Though it is annually listed by literature scholars as one of the 100 finest works of fiction, today primarily adolescents read Defoe's enduring tale as part of their required reading for school; very few others rarely bother with this nearly three century old tale. 'Robinson Crusoe' it seems is a classic awaiting a renaissance of rediscovery by adults who regularly read for either leisure or as a part of continuing education. While the novel's approach to morality may seem a bit old fashioned by today's contemporary standards, the character's awakening to wisdom, inner strength and faith will inspire any reader of any age. Crusoe's ability to steel himself against the onslaught of natural elements, his own self doubts and finally a band of savages who discover his "island empire" should win over even the most jaded of us. This Norton Critical Edition is the perfect package to gain a deep appreciation for this masterpiece of the English language. So do yourself a favor and pick up a copy of this book today and transport yourself back to your youth and also to a time long past. It's a journey you won't regret taking.
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25 of 27 people found the following review helpful
5.0 out of 5 stars Survival by Thinking and Doing, May 18, 2000
By 
Donald Mitchell "Jesus Loves You!" (Thanks for Providing My Reviews over 124,000 Helpful Votes Globally) - See all my reviews
(VINE VOICE)    (TOP 500 REVIEWER)    (HALL OF FAME REVIEWER)   
Robinson Crusoe is best taken at two levels, the literal adventure story of survival on an isolated island and as a metaphor for finding one's way through life. I recommend that everyone read the book who is willing to look at both of those levels. If you only want the adventure story, you may not be totally satisfied. The language, circumstances, and attitudes may put you off so that you would prefer to be reading a Western or Space-based adventure story with a more modern perspective.
Few books require anyone to rethink the availability and nature of the fundamentals of life: Water, food, shelter, clothing, and entertainment. Then having become solitary in our own minds as a reader, Defoe adds the extraordinary complication of providing a companion who is totally different from Crusoe. This provides the important opportunity to see Crusoe's civilized limitations compared to Friday's more natural ones. The comparisons will make for thought-provoking reading for those who are able to overcome the stalled thinking that the educated, civilized route is always the best.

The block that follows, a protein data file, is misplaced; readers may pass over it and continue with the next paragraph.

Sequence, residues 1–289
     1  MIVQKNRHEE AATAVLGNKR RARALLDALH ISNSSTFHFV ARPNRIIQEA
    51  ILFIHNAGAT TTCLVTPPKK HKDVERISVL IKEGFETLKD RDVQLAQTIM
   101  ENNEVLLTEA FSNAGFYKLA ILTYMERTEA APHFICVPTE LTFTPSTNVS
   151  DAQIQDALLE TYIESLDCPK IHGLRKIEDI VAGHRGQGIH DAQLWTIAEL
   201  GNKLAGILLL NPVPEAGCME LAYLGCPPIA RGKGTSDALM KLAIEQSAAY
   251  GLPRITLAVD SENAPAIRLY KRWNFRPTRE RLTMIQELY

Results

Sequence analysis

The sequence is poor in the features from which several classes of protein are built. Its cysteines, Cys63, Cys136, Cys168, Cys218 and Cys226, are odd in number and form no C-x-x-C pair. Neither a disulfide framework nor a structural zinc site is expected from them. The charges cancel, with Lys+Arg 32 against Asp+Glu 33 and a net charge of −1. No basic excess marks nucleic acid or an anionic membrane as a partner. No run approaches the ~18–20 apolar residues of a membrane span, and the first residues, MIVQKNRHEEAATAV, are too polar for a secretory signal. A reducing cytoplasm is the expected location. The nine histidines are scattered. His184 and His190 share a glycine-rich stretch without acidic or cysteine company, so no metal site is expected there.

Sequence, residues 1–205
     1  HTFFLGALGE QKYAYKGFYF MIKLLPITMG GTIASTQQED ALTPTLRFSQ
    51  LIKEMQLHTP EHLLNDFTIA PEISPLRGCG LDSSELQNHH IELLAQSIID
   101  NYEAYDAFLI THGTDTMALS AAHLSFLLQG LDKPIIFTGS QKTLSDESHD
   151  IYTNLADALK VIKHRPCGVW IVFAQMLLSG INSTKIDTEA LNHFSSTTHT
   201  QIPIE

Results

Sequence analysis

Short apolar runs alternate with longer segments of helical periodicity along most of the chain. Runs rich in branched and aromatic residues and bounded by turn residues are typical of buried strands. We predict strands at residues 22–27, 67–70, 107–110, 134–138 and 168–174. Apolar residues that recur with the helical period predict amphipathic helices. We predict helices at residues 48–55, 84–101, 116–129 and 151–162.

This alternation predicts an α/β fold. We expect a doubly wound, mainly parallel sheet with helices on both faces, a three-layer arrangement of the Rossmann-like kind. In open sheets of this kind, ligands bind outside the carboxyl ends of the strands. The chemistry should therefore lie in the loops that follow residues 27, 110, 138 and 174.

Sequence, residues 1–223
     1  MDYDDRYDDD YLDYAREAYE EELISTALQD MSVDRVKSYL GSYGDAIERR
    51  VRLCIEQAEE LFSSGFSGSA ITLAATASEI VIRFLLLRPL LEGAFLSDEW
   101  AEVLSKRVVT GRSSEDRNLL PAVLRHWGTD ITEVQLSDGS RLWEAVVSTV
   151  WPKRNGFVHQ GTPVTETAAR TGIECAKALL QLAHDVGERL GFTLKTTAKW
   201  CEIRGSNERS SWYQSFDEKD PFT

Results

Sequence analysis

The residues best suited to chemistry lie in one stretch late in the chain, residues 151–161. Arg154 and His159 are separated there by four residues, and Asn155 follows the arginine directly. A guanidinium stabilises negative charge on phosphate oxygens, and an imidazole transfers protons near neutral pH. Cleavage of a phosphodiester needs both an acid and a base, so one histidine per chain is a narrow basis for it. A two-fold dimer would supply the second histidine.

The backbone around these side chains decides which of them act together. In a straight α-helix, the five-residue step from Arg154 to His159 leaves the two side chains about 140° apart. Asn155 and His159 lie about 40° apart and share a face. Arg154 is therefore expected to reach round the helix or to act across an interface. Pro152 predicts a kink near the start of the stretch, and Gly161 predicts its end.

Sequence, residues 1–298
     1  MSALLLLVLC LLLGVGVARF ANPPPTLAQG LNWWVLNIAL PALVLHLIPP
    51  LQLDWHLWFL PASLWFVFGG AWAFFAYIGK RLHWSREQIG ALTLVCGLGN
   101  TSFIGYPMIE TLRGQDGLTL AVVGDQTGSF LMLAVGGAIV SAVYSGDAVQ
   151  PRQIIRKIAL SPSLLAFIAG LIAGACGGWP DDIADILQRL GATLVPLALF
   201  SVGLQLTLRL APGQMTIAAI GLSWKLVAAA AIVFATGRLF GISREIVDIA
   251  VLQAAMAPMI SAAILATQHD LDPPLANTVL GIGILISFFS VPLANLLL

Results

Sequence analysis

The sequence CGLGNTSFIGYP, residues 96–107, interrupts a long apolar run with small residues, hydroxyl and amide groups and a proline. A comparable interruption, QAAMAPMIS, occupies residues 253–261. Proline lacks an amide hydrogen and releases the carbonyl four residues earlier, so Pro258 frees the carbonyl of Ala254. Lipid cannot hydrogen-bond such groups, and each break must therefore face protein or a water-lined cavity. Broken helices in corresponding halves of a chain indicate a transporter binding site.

One of the things that I specially liked about the book is the Crusoe is an ordinary person in many ways, making lots of mistakes, and having lots of setbacks. Put a modern Superhero (from either the comic books, adventure or spy novels, or the movies) into this situation, and it would all be solved in a few minutes with devices from the heel of one's shoe. Maybe I'm old fashioned, but I liked the trial-and-error explorations. They seemed just like everyday life, and made the book's many lessons come home to me in a more fundamental way.
Have a good solitary trip through this book!
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20 of 22 people found the following review helpful
5.0 out of 5 stars Excellent Critical Essays, May 4, 2000
By A Customer
With Norton Critical Editions readers get the text of the novel and historical and contemporary essays in criticism. The ones in this version are some of the best Norton has ever compiled.
Both the historical and contemporary essays provide a compelling aesthetic case for why this novel is not merely a book for boys but one of the best English novels ever written. Thus, these essays not only highlight aspects of your reading you may or may not have noted but present a case for Defoe's skill as a writer.
A very short essay not to missed is the one by Defoe himself on solitude. It gives one pause.
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19 of 21 people found the following review helpful
5.0 out of 5 stars The original castaway, February 20, 2002
By 
As a boy growing up in 17th Century England, all Robinson Crusoe wanted to do was be a sailor. His parents tried to dissuade him -- it was a dangerous occupation, and certainly a middle class child like him could find a calling much safer and more comfortable. Naturally, he didn't listen, and essentially ran away from home, finding opportunities to sail on a few ships and encountering a few dangers until he finally reached Brazil, bought a plantation, and looked forward to that comfortable life of prosperity his parents said would be his if he'd only use his head.
But Crusoe is one to push fate. He embarks on a ship bound for Africa to collect slaves, and during a storm in the Caribbean Sea, the ship is wrecked and the crew drowned except for Crusoe, who manages to swim to the shore of a deserted island. Unable to get back to civilization, he salvages as many goods as he can from the wrecked ship and resolves to survive as long as possible in this new, unwelcome habitat.
Crusoe's resourcefulness is astounding. He builds a sophisticated hut/tent/cave complex to live in, hunts goats and fowl, harvests fruit, and figures out how to grow barley, rice, and corn, bake bread, and make earthenware vessels. After living this way for nearly two peaceful decades, Crusoe discovers that savages from a distant island are using his island for their cannibal feasts. He manages to save the life of one of their potential victims, a savage he names Friday, who becomes his faithful servant. With Friday's help, Crusoe realizes he now has a chance to escape the island once and for all and get back to civilization, although his plans don't proceed quite as he envisioned them.